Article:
Sep 08, 2014
Collegiate Ministry is Seasonal
Steve Shadrach is a collegiate ministry legend. In this piece, he explains the three seasons of a collegiate ministry year.
Even as an old man, I will probably still be dividing my year up the way students do: Fall, Spring and Summer. We all get a new lease on life and ministry come mid August each year. As the new school year begins, it’s a prayerful time of planning out our work and then, hopefully, working out our plan! Just as the farmer performs a different function in each season, so the campus worker must know what to do…when! Read Isaiah 28:23-29 for some “back forty” wisdom from a farmer who understands that sowing, cultivating, reaping, and even preparing for the next season are essential procedures for successful annual crop yields. Let’s do a short overview in planning out a ministry year.
Whether it is just you starting out or you have a team of workers co-laboring with you, August is the key time to meet students and start the recruiting process. The goal for the first thirty days of school is to meet as many students as you can, recruit as many to small group studies as possible, inviting every student to your large group meeting (if you have one). The Greeks on your campus are probably rushing students to pledge their chapter, why can’t you sponsor “rush parties” to recruit students to your ministry the same way? This time of sowing can make or break you for the school year. Students come to campus with a fairly clean slate, but then spend the first two to three weeks filling up their calendars with commitments and relationships that lock them in throughout the year. Make sure you get a slot in their whirlwind life before it’s too late!
The emphasis during September and October should be evangelism and recruiting. Each week, in your small groups and one-on-ones, be looking for opportunities to share your testimony and a gospel presentation. Ask God to give you solid decisions as you ask students if they would like to invite Christ into their life as Lord and Savior. Along with a consistent diet of witnessing, build relationships through fun activities along with recruiting them to any kind of fall conference or event you are planning.
As you continue to saturate your campus with prayer, you’ll want to start following up those students who come to Christ or really want to grow in Christ. Don’t zero in too soon on students. Give them a chance to show their interest level and faithfulness. Loving and serving the students individually and as a group will show them you really care. If you do have a large group weekend event or a Christmas Conference, use it to reinforce the vision and values you’ve been preaching in your one-on-ones, small groups, and any campus wide meetings you’ve held. By the time mid-November rolls around, though, you ought to be starting to challenge each student to a higher level of commitment for the Spring semester.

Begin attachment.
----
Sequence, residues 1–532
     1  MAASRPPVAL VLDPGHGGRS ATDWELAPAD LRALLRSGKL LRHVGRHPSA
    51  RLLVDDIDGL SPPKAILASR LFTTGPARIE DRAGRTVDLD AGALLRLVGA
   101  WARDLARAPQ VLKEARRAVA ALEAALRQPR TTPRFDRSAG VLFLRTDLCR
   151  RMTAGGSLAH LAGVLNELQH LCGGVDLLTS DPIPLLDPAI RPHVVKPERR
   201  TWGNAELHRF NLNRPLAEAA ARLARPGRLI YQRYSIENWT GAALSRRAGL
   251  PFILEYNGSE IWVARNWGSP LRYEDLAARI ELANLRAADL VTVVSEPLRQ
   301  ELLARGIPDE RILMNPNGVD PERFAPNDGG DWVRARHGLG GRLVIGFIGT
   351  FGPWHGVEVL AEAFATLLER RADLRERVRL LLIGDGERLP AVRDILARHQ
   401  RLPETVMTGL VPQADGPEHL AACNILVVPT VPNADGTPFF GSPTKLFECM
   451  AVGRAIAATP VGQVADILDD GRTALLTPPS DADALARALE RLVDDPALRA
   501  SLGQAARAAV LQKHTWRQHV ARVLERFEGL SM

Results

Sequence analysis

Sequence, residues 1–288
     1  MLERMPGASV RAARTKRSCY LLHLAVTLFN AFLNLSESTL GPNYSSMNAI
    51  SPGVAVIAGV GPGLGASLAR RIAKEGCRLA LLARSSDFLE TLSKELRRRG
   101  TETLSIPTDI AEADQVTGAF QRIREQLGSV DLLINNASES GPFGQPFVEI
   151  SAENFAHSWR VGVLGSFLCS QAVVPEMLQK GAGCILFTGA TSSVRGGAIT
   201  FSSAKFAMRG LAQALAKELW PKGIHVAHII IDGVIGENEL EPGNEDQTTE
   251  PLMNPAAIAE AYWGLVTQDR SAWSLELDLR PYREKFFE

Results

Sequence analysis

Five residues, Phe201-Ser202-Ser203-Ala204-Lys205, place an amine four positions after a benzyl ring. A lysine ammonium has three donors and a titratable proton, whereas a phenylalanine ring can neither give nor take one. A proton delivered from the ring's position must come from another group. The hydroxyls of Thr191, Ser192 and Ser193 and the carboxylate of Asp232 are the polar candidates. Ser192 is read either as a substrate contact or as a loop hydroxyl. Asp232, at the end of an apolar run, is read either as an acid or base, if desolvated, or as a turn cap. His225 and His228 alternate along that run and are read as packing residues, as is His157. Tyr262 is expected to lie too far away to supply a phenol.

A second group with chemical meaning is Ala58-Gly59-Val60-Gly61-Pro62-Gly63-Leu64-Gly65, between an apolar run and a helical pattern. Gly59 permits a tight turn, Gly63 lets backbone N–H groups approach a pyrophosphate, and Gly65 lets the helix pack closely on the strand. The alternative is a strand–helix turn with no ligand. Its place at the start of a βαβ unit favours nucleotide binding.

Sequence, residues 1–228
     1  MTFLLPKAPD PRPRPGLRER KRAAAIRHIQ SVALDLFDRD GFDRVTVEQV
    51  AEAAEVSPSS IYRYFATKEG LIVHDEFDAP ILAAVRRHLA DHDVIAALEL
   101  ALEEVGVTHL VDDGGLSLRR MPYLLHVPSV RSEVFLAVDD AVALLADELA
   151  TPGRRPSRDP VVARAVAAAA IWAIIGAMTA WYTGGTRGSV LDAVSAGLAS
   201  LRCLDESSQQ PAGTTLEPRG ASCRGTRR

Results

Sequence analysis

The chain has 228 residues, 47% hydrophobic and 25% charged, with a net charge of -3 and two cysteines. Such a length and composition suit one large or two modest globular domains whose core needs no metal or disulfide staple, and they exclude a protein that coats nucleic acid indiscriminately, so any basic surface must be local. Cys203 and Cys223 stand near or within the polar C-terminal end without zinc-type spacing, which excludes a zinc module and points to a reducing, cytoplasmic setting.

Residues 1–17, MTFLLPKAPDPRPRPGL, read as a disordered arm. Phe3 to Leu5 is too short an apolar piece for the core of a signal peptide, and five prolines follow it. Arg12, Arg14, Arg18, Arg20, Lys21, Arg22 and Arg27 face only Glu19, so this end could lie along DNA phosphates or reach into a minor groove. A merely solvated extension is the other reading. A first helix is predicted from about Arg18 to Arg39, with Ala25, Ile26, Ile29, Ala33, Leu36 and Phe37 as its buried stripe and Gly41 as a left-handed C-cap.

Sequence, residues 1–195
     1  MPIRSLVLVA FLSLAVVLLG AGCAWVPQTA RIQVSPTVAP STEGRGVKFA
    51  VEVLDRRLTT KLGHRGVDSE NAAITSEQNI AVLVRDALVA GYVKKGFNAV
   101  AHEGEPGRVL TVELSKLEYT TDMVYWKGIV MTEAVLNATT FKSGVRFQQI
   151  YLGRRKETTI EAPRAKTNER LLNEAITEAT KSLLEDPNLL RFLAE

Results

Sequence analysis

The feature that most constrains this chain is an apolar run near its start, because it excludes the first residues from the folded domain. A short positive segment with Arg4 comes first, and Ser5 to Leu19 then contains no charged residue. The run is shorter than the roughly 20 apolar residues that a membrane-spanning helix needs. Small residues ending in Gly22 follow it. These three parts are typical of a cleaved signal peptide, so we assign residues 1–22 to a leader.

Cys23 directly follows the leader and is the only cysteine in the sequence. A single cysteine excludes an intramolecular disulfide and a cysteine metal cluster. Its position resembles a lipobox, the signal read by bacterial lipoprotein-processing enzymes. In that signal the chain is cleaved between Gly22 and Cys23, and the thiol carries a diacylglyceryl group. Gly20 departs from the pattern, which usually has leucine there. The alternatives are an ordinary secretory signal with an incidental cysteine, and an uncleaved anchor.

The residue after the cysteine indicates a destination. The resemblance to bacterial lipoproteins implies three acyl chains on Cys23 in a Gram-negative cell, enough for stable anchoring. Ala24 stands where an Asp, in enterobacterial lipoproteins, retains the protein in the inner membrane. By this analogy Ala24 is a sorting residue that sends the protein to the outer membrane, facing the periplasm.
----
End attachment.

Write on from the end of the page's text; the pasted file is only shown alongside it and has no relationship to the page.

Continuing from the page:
Students are usually eager to return to school after Christmas break. Those that attended a ministry event over the holidays are anxious to apply the truths they gained. If you presented each with a customized challenge to pray about over the break, they have now had time to pray and decide if they want take you up on the offer you’ve made. Along with any investigative groups (for non-Christians or young believers) you might start, you’ll want to make sure you gather the faithful, growing students from the fall and incorporate them into a small group that will challenge them to take the next step in their maturity. Select the spiritually hungriest students to plan weekly time with, developing them in quiet time, character, and witnessing.
As the semester wears on begin to recruit them as a group and individually to any summer growth or mission opportunities that you provide or know about. Whatever your students do during the summer, make sure that you give each a good summer growth plan to follow and a personalized challenge to become a ministry leader come Fall. Always be planting seeds and planning ahead to the next cycle of ministry.
Some ministries gear down during the summer, but I have found it to be an incredible time to give focused training to the committed ones. You have spent time sowing and cultivating; now is the time to reap. I have found the summer opportunities are a great season to consolidate the leaders and train them to co-labor with you when August rolls around. If you don’t have a summer training program attached to your ministry that you can utilize, why not start one yourself or plug them into an existing one that another ministry has operating? Our ministry started summer projects in 1981, and thousands have had their lives radically and permanently changed as a result. One of the highlights of the projects is the final “Back to Campus” week where each student begins to pray and plan toward what kind of personal ministry they want to have when they get back to their school in August. You might even want to have the student leaders come back to school a bit early for group prayer, planning, and moving freshmen into their dorm rooms. The cycle begins again, except this time you have a whole new cadre of workers to assist you!
This is an excerpt from Steve’s book, The Fuel and the Flame. To order your own copy, click here.